Development of the Grand Monarchy, brief sketch of Old Regime, concentration on the Revolution and Empire, with emphasis on politics, diplomacy, and economics. Readings and brief papers.
Study of evolution of German nation from its prehistoric origins, emphasizing medieval and early modern phases to 1848.
Study of development of modern Germany from the Revolution of 1848, including imperial, republican, and totalitarian phases, to postwar formation of East and West Germany.
General survey of Russian history, culture, and institutions. Special consideration given to study of historical forces formative of revolution in 1917.
General survey of contemporary Soviet history, culture, and institutions. Special emphasis given to study of communist theory and its place in current Russian historiography.
An approach to learning about non-Western culture; Mohammed, Arabs, Muslims as creators to a great civilization from the rise of Islam to 1800; emphasis on cultural institutions and their interrelationships within the Middle East.
Survey of changes that have taken place in the Middle East and in Islam since eighteenth century and of contemporary problems in that region.
Survey of original thirteen states from their inception within the British Empire to 1763, the eve of independence. Attention given to their political development, economic position within the empire, relations with Indians, and evolution of their social, educational, and religious lives.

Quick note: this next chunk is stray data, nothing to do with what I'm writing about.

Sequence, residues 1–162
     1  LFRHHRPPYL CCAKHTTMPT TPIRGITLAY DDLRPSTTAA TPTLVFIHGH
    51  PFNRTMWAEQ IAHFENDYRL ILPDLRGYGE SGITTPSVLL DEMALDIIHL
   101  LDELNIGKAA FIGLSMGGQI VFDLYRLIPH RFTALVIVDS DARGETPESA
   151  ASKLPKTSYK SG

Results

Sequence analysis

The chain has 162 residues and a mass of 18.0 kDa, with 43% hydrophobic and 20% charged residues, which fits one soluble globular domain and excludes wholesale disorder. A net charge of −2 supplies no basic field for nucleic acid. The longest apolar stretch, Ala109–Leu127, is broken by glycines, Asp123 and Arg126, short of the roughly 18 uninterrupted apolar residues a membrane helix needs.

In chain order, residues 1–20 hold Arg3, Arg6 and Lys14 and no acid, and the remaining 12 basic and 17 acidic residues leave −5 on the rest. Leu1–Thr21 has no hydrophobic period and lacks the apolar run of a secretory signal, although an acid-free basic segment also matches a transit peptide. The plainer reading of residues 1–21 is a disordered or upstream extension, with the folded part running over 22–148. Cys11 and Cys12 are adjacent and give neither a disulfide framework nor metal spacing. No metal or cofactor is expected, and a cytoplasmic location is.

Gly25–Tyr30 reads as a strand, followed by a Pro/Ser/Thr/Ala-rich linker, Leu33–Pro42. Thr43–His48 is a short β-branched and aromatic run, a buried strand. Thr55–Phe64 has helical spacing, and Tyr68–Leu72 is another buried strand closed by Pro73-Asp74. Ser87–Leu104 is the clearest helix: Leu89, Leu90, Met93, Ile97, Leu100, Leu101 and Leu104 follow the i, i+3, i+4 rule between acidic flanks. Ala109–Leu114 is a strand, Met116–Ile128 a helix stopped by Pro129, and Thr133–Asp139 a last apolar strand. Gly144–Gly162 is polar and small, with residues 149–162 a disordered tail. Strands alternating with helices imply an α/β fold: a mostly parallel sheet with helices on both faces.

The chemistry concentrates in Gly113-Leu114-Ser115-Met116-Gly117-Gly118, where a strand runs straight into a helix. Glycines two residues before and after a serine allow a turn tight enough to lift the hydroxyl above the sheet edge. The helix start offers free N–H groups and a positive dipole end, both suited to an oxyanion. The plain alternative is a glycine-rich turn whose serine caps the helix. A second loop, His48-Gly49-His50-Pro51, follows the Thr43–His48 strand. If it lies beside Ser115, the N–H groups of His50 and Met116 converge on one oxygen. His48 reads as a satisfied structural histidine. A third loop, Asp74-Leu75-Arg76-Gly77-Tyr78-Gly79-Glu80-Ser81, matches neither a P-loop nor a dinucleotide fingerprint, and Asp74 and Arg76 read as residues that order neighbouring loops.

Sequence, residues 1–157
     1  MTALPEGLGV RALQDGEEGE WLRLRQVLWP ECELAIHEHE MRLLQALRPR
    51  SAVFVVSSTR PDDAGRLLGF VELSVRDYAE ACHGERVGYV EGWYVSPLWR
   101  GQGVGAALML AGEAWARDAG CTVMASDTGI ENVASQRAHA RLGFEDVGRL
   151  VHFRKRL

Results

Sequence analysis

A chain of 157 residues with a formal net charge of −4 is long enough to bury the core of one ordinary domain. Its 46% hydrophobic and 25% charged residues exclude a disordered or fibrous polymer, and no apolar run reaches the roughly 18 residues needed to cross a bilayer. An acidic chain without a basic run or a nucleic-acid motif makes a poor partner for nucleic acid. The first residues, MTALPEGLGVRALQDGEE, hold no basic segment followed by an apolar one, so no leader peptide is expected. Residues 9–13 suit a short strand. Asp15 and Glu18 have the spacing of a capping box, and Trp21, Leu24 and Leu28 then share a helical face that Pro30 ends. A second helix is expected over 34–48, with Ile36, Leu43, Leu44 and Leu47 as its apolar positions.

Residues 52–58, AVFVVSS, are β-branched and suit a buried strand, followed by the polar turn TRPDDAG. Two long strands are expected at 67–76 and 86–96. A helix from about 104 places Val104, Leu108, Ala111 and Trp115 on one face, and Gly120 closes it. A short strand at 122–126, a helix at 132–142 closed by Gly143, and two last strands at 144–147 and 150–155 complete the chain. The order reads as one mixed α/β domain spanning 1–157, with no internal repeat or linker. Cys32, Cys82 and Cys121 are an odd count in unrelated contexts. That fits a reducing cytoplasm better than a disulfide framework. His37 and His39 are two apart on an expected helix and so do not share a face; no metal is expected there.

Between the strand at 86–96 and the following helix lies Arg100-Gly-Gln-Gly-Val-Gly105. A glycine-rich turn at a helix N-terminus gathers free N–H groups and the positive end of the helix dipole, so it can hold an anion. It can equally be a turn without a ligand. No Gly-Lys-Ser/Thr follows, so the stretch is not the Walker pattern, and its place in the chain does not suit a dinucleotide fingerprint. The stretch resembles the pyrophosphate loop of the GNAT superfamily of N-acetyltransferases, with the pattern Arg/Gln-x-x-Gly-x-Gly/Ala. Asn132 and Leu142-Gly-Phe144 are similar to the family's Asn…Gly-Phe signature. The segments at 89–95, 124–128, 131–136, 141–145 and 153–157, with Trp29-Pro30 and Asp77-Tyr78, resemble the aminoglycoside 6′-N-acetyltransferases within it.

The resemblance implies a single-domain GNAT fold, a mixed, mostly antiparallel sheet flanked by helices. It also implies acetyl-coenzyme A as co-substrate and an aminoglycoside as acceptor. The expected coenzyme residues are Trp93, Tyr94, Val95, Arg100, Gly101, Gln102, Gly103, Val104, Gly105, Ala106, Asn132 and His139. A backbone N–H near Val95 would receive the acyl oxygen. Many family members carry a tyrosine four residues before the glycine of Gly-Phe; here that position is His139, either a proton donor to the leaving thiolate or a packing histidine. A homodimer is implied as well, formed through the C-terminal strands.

Study of United States history from beginnings of revolutionary crisis in 1763 through adoption of the Constitution and the administration of John Adams. Special emphasis is given to the causes and civil war aspects of the revolution and the constitutional-political development of the new nation.
Survey of United States history from 1783 to 1850, with special attention to constitutional, political, and social trends.
Study of failure of American democracy to cope with issues of mid-nineteenth century, followed by political, economic, military, and social developments during war and reconciliation of North and South.
Study of political, economic, and cultural changes in American life since 1929; examines roots of social problems facing us today. Some recent foreign policy trends also studied.
Emphasizes the cultural, economic, political, and social development of our state in various periods from colonial to today. Special attention given to diversity of Pennsylvania's people and their institutions and problems.
Traces foreign relations of United States from independence to emergence as a world power. Topics concentrate on themes of commercial relations, political isolation, expansion, and debate over imperialism.